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Decision-Making Drama

One of the most helpful and stress-relieving tools that I have learned from my mentors is the ability to make a decision quickly, without agonizing over the process or the possible results.

I used to spend an inordinate amount of time doing research, questioning the options, performing mental cost/benefit analyses, and trying to predict future results for every important (or not so important) decision I had to make.

Now, had I been paying closer attention, I would have noticed all of the unnecessary anxiety that this process was causing. I would have also been more attuned to the fact that I spent (wasted) a crap-ton of time making these decisions, with very little difference in terms of the actual results.

So why do we waste so much time on decision making? Because as long as a decision remains un-made, we stay safe in the comfort of the known. Our brains work ridiculously hard to stick to the familiar as an evolutionary mechanism to keep our species alive.

If we didn’t know where to find water, we would die. If we didn’t know which plants were safe to eat, we would die. If we didn’t know who members of our tribe were, we would die. If we didn’t know where to find shelter when the seasons changed, we would die.

Now fast-forward to today. If we pick the wrong ingredient at the grocery store for our recipe, we are not likely to die. If we agonize over which hotel to stay in on vacation because they are in the same vicinity but one is $10/night more, we are not likely to die. If we do not have the right outfit for a party, drive the car that makes us appear successful, or the granite countertops in our remodeled kitchens, we are not likely to die.

So why are these decisions so hard to make?

Changes in technology now make it seem as if everyone is living better than we are, having more fun than we are, and making more money than we are. We are bombarded by thousands of ads every day on the radio, on TV, on our phones, on our computers, in our mail, in magazines, on billboards…basically, everywhere we look.

All of this input is coming at us with the message, “You are not enough as you are. But if you buy this, you’ll fit in. People will like and respect you. You will feel better.” This immediately triggers the part of our brains that is geared for survival, because in the past our ancestors would have faced almost certain death if they had been outcasts.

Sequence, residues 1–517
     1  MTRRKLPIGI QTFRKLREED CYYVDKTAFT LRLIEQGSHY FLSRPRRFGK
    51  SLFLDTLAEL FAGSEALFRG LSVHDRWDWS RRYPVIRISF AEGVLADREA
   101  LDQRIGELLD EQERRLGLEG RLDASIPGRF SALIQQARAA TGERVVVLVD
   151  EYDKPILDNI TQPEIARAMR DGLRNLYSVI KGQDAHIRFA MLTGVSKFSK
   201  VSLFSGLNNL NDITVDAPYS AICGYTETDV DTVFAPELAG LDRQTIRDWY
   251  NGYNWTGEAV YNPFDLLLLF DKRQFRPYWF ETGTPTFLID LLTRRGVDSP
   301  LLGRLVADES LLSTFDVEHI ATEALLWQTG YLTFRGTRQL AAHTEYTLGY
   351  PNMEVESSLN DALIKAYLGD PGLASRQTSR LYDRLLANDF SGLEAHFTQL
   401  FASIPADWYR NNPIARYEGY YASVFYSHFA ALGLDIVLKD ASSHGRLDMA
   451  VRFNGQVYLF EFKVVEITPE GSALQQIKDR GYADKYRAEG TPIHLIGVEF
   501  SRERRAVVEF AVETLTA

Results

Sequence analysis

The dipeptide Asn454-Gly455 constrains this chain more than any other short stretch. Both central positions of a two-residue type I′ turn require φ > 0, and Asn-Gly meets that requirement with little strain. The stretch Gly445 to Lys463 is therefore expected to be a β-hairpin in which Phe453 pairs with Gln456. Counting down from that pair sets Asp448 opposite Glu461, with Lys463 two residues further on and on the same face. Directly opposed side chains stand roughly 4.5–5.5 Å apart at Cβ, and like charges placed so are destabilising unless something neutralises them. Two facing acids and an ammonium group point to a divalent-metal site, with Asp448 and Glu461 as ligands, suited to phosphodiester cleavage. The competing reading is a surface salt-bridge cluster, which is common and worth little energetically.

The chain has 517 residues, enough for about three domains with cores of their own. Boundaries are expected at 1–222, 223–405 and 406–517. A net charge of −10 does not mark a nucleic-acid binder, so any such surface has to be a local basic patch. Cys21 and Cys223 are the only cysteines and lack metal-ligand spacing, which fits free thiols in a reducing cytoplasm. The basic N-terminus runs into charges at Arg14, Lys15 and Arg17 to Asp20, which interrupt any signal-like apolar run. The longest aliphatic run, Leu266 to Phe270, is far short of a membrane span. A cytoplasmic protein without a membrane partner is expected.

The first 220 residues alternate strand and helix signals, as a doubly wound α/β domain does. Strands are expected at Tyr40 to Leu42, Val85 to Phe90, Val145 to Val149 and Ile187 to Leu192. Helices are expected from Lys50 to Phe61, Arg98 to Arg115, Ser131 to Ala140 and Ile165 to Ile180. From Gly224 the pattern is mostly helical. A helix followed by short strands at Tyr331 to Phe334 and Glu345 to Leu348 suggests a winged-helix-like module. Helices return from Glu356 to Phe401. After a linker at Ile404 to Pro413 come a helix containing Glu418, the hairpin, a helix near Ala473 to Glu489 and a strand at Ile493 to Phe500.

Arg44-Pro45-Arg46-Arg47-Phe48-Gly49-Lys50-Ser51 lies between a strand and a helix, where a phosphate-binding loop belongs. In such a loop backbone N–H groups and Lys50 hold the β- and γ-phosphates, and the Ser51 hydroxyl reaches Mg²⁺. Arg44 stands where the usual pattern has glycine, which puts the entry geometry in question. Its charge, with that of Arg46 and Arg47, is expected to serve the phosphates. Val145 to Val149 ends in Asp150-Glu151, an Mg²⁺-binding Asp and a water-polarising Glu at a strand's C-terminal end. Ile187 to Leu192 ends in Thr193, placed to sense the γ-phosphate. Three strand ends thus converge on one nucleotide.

Historically we have needed other people to survive, and therein lies the crux of the problem. We inherently want to be like others (at least in some ways) to ensure our survival. So what happens if we make the “wrong” decision? We may be rejected, made fun of, or lose our status amongst our peers or family.

But really…so what? Who cares if your post on Instagram or Facebook doesn’t get likes and new followers? Does it make you less worthy? Less valuable as a human being? Less of a contributor to society?

Does it make you courageous for putting something out there that could help someone else? Could someone be reading your posts, listening to your message, or being helped to feel less alone even if they don’t say so publicly?

Could your artwork, photography, recipe, or hand-made crafts inspire someone to start tinkering around with their own creative projects? Will you allow not having confirmation of this keep you from greeting each day as a new challenge?

Can you start to approach decisions with a bit of whimsy and lightheartedness, knowing that it is up to you to mold and shape the process while releasing expectations about the outcome?

What would happen if you changed the thought that one decision is right and the others are wrong? Each decision leads you down a different path, and if you don’t like the path you’re on, you can always change course and pick a new one.

This does not mean that the first decision was wrong, or that you are flawed in some way. It just means that you have learned something about yourself, have grown, and are becoming clearer on the vision you have for the future.

When you aren’t agonizing over a decision, you create the time and space to move into a future where you have less stress because the worry over what you will do, what you will wear, what you will eat, and where you will go will transform into how you will show up and exist in this world.

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